A vehicle parking brake detection and warning system includes a parking brake activation detection mechanism, such as parking brake air line pressure sensors, which are coupled to an electronic controller, such as a vehicle computer. The electronic controller may wait a predetermined period of time after detecting that the parking brake has been activated before determining whether an improper parking brake condition is present. The system includes a mechanism for determining the speed of the vehicle, such as a vehicle speed sensor, so that the electronic controller may determine a current speed of the vehicle. The electronic controller determines a parking brake warning level and takes actions depending upon which warning level has been detected. A first warning level is reached when the following conditions are detected: the parking brake is activated, the vehicle has reached a predetermined speed and engine power is concurrently requested by the operator. The controller may then activate an alarm in response to determining the warning level, such as providing a drive signal to an audible signal generating device. The controller then reads a stored warning message from memory and displays the stored message on a display terminal for the operator of the vehicle to view. A second parking brake warning level is acknowledged when the following conditions are detected by the controller: the parking brake is activated and the vehicle has reached a speed greater than the predetermined speed set for the first level.
Preferably, the parking brake system is a spring-activated and air-pressure releasable parking brake system. The pressure in an air line of the parking brake is used to determine whether the parking brake has been activated.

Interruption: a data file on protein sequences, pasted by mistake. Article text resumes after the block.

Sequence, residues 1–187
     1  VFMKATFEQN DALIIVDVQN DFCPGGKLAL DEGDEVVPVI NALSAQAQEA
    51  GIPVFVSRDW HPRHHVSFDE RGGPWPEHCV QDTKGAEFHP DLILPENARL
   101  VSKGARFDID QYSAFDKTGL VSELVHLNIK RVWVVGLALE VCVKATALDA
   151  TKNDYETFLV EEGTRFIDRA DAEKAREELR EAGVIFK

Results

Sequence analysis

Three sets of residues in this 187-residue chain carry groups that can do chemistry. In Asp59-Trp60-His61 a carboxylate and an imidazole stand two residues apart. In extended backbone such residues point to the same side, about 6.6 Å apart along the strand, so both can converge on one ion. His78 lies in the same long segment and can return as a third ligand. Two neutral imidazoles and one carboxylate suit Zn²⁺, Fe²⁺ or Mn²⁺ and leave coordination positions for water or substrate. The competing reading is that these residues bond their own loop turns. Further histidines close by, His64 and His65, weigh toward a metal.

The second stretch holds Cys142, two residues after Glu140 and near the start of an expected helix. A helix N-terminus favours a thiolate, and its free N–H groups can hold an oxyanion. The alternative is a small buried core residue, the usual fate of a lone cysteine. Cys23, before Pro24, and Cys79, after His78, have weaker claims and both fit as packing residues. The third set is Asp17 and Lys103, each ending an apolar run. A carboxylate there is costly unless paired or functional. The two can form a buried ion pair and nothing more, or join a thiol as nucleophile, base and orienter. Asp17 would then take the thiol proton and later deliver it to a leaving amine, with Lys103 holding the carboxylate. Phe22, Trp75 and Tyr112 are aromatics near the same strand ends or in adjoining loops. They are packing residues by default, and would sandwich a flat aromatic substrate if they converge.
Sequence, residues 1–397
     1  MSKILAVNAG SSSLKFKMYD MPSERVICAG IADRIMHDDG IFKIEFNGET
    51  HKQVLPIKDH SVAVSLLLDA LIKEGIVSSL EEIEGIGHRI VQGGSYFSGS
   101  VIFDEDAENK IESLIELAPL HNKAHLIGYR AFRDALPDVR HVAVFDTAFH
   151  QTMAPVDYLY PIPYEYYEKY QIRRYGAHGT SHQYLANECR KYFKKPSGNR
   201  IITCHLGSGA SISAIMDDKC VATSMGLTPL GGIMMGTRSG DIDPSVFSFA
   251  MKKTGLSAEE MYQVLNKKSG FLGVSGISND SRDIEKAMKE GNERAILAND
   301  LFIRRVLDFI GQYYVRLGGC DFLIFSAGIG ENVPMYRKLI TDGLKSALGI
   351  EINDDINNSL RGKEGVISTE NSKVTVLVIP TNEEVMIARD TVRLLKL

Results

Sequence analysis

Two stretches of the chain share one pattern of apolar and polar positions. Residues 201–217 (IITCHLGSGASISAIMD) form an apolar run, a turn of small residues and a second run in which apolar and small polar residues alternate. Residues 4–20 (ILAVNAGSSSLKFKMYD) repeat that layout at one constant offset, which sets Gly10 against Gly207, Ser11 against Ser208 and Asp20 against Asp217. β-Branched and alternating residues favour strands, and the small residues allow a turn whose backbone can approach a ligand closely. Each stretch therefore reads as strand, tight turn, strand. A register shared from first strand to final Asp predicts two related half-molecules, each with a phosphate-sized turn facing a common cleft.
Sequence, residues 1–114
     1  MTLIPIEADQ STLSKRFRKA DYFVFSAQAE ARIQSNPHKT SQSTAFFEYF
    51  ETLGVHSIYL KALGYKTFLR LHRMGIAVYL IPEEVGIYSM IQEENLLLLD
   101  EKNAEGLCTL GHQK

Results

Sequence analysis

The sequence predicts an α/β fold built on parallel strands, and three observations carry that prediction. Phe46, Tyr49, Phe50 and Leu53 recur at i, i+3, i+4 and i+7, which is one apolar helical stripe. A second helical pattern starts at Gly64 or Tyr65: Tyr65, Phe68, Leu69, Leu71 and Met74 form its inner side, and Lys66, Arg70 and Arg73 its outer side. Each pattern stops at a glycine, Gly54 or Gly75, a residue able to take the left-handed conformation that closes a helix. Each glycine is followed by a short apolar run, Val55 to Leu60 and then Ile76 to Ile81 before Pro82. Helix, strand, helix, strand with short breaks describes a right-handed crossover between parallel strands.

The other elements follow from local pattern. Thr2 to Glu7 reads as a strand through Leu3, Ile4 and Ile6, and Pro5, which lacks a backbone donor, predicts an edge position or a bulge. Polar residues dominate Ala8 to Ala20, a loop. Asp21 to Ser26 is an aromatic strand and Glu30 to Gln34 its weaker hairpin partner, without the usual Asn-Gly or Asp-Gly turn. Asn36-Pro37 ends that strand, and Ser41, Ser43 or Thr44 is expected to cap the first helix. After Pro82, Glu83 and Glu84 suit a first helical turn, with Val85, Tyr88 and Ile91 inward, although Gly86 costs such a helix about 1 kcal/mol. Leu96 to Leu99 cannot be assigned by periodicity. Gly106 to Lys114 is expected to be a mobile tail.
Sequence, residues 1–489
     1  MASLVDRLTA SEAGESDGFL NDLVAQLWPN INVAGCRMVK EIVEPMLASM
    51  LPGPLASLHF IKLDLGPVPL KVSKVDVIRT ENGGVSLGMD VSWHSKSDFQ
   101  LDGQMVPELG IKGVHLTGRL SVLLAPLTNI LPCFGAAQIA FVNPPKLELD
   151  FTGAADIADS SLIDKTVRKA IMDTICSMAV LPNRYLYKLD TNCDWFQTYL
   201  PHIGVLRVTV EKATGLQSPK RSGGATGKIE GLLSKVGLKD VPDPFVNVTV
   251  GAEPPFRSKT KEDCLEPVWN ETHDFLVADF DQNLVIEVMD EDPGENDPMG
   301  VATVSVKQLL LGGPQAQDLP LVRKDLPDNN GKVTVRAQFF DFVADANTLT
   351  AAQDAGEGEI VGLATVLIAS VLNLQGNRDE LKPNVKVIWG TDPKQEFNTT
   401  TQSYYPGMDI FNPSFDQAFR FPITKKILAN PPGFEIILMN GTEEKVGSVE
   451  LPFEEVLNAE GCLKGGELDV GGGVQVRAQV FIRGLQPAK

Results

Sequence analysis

A method for detecting and generating a warning of an undesirable parking brake condition for a vehicle is also disclosed. The method includes detecting that the parking brake has been activated; waiting a predetermined period of time after detecting that the parking brake has been activated; determining the speed of the vehicle; determining whether power is being requested; determining a warning level based upon detecting the activation of the parking brake, detecting that power is being requested and based upon the speed of the vehicle; and activating an alarm when a warning level is reached.
FIG. 1 is a side view of a locomotive which includes a parking brake detection and warning generating system in accordance with the invention;
FIG. 2 is a schematic generally depicting a parking brake system and detection and warning system in accordance with the invention;
FIG. 3 is an electrical schematic diagram depicting pressure sensor connections for the pressure sensors shown in FIG. 2; and
FIGS. 4A and 4B is a flow diagram generally depicting a method for detecting an undesirable parking brake condition and determining a parking brake warning level in accordance with the invention.
FIG. 1 illustrates a passenger monocoque-type locomotive 10 powered by a diesel engine 12. The monocoque locomotive 10 has a cab 14 in the front which serves as the driving station for an operator. The monocoque locomotive 10 has a plurality of trucks generally indicated at 16a and 16b which are coupled to a platform 18 through a suitable suspension arrangement. Each of the plurality of trucks 16a and 16b have two axles 20a, 20b and 20c and 20d, respectively, which are fixedly connected to respective wheels 22a-22h. A parking brake air reservoir 26 is connected to the platform 18 and will be described with reference to FIG. 2.
FIG. 2 schematically depicts a parking brake detection and warning system generally indicated as 30 wherein a spring-applied/air release parking brake system is used to actuate and release the parking brake. The parking brake system includes a parking brake air supply source 32 which may include an air compressor. The parking brake air supply source 32 feeds the parking brake reservoir 26 through a check valve and choke 34. The parking brake reservoir 26 has a drain cock 36 for draining the pressure in the parking brake reservoir 26. A regulator 38 regulates the pressure from the parking brake reservoir 26 to a suitable pressure of approximately 100 p.s.i. for a parking brake air line 31. The parking brake reservoir 26 may have a pressure of approximately 130 psi to 140 psi. A pressure gauge 40 connected to the air brake line 31 indicates the pressure in the parking brake air line 31.